Two minor comments, first on “consciousness”. It seems like these questions about the “order of cognitive operations” can be asked in terms of “easy problems” while being an eliminativist/denialist about qualia and the “hard problem” of consciousness. So I’m not sure you’ve shown a demand for a theory of *consciousness*. You’ve just shown a demand for a general theory of how the mind works, something presumably an eliminativist can give.

A second minor comment is on the order of operations. Your post assumes that the relevant ordering issue pertains to timing, that some processes happen before or after others. Timing is important, but it probably isn’t the only kind of ordering concern. Cognitive networks will generally be organized into complex, looping configurations where some components selectively reinforce or constrain others. Building a general theory of mind requires understanding how these interdependent components interact with each other. Not just sensory perception and experiential knowledge, but also (for instance) perception of motion and motor reaction times, for instance when catching a ball. I’ve certainly had the experience of knowing that I would (or wouldn’t) catch a ball given my perception of the ball flying towards (or away from) me. So the full embodied action of catching the ball ought to involve passing through the state of experiential knowledge.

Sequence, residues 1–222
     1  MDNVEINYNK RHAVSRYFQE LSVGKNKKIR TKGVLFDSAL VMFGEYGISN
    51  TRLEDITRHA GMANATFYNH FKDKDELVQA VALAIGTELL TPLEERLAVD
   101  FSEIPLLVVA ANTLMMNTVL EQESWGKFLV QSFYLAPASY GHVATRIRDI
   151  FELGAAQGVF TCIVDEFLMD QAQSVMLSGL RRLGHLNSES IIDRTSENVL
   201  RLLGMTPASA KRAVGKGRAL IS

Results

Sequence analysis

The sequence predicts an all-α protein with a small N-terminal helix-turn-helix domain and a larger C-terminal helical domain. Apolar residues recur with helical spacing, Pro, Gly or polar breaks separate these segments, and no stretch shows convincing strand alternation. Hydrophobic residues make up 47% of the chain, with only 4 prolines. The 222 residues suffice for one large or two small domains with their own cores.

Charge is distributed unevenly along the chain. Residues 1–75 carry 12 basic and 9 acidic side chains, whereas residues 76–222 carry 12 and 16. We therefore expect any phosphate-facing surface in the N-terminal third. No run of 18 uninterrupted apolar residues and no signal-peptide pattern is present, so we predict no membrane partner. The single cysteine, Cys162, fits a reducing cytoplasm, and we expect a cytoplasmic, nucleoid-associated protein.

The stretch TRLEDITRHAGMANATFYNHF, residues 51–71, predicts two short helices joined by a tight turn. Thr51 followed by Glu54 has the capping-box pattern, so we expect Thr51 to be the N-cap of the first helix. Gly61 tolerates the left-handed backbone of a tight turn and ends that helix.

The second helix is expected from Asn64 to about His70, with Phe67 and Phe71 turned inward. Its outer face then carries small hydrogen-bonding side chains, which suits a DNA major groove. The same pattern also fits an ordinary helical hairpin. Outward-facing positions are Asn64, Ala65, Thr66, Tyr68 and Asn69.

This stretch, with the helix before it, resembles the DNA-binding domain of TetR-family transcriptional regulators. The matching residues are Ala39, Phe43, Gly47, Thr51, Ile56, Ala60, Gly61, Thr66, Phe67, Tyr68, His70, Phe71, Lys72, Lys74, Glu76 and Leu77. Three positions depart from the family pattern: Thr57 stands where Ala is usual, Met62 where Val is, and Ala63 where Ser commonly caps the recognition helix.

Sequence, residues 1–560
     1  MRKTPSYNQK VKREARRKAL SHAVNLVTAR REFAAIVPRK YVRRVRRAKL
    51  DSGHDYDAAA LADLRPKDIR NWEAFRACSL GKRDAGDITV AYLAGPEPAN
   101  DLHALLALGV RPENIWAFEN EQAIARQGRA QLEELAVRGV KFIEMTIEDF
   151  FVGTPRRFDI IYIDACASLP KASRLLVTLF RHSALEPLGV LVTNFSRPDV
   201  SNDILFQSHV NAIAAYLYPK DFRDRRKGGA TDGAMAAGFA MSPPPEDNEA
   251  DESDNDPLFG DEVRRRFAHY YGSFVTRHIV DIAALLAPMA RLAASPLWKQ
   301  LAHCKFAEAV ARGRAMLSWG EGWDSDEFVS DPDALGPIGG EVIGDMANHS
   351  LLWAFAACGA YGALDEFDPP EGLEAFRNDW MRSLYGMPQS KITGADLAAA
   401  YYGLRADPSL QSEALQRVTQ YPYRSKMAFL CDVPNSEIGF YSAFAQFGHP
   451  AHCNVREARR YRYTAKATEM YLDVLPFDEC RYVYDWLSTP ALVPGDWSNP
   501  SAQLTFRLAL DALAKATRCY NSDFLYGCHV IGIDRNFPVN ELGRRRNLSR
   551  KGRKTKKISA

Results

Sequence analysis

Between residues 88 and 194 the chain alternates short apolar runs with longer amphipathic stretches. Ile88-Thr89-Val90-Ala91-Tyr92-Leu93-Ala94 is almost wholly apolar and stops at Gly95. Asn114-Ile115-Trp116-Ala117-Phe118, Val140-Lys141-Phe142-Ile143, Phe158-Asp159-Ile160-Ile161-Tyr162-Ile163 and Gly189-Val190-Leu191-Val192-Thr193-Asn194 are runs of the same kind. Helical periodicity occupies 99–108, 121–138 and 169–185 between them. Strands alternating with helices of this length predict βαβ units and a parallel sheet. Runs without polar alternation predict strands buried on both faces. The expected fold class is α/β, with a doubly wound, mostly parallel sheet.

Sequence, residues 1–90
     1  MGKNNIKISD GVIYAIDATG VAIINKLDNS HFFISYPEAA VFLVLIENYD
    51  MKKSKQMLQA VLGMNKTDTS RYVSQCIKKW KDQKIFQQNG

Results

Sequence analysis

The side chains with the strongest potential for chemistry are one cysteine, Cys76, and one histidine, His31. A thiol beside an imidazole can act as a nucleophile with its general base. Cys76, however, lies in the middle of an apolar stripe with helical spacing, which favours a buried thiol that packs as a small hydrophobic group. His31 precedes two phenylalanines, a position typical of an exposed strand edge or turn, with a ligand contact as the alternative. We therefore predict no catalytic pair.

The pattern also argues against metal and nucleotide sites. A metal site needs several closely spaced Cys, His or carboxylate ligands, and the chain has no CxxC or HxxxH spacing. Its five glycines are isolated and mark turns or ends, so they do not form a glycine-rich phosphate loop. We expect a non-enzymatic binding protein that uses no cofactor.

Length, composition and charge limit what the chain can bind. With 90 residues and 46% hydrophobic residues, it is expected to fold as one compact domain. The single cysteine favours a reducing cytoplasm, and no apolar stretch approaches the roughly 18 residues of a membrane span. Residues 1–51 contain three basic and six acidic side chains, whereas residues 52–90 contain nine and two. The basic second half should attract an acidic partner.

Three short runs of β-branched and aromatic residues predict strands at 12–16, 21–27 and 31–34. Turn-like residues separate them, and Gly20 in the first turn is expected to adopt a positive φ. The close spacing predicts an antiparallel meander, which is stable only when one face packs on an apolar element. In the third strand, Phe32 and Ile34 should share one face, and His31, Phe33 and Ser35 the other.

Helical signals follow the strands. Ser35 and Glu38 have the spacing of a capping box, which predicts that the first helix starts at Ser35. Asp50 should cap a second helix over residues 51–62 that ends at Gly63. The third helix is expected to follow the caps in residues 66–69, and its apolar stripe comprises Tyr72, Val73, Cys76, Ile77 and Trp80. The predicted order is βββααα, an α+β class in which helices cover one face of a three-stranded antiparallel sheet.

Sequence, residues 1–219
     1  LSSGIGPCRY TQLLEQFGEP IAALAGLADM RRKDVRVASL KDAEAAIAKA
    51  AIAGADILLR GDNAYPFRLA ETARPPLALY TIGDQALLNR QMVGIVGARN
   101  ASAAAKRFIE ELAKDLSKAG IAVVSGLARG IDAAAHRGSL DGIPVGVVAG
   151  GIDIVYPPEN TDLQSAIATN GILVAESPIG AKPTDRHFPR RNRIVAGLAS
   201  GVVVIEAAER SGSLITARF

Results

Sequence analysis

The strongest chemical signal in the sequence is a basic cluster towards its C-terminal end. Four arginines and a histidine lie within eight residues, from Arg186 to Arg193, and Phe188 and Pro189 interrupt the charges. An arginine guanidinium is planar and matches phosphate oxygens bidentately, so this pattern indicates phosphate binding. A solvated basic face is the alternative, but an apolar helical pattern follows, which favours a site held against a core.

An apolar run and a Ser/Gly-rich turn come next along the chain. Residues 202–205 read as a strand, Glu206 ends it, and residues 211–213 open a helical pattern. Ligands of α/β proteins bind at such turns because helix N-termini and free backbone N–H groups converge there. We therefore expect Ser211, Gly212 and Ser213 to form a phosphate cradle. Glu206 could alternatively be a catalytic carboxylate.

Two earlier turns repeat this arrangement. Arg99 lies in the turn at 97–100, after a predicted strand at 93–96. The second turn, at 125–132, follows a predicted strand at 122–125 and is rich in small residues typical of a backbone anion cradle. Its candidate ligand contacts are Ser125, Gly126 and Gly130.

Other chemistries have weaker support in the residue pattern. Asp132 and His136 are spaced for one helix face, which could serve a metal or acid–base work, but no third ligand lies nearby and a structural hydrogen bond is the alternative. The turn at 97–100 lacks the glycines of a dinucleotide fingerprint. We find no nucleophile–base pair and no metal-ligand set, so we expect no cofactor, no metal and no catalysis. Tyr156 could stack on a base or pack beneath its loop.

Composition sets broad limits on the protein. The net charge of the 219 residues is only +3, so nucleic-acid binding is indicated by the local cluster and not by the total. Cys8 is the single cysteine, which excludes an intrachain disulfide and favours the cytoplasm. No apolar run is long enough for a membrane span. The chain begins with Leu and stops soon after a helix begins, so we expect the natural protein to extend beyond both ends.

Now a major comment. Considerations along the lines you raise in your post tend to convince me that something like Integrated Information Theory will turn out to be the correct theory of mind. Tononi’s presentation of IIT isn’t great,but if you strip away a lot of the fuss the basic idea is to look at the organized arrangement of components in a complex system, and find the simplest configuration from which the target emergent behavior can arise. This seems to be the kind of thing you are demanding from a “theory of consciousness”, and (conveniently enough) I also think this is basically what network-theoretic approaches to neuroscience already do in practice. From what I understand, the Default Mode Network in the brain is interesting precisely because it is an integrated network of cognitive components when the brain is at rest, and that integration breaks down as soon as the brain does anything cognitively demanding that requires the individual components focus on different specialized tasks.